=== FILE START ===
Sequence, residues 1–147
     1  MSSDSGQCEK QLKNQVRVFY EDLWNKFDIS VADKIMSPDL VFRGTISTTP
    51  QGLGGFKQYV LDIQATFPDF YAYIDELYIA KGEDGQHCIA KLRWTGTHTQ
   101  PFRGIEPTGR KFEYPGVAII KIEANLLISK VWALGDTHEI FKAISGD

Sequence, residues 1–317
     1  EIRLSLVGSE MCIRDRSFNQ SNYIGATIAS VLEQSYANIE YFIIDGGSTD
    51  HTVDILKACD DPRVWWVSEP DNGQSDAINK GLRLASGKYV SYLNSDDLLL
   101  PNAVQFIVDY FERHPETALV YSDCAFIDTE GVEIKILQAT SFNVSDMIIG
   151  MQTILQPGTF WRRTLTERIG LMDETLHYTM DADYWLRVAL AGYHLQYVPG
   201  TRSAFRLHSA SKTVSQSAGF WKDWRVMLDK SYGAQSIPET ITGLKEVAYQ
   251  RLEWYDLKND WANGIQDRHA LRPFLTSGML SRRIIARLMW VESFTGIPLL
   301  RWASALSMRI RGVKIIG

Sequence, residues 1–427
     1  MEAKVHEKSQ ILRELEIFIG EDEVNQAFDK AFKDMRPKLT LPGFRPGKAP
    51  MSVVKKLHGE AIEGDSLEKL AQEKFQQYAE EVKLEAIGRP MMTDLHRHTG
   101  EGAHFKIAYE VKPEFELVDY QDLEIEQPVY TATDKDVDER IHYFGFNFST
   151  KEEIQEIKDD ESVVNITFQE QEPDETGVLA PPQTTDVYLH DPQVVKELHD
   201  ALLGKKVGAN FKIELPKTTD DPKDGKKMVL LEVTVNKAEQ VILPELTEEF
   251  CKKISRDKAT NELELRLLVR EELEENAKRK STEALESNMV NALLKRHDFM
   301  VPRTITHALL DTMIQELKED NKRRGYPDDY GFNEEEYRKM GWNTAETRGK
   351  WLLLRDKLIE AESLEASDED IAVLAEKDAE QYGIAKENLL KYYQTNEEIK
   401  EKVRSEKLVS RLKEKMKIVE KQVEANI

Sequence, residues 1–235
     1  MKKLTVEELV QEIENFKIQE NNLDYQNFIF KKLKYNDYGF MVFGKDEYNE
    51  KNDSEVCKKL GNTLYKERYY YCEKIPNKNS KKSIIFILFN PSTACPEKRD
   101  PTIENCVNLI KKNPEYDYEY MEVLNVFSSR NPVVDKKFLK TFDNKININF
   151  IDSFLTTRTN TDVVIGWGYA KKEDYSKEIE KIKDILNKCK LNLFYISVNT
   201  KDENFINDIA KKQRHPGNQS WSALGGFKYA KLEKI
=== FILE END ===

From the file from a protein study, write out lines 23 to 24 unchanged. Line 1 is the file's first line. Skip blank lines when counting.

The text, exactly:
Sequence, residues 1–235
     1  MKKLTVEELV QEIENFKIQE NNLDYQNFIF KKLKYNDYGF MVFGKDEYNE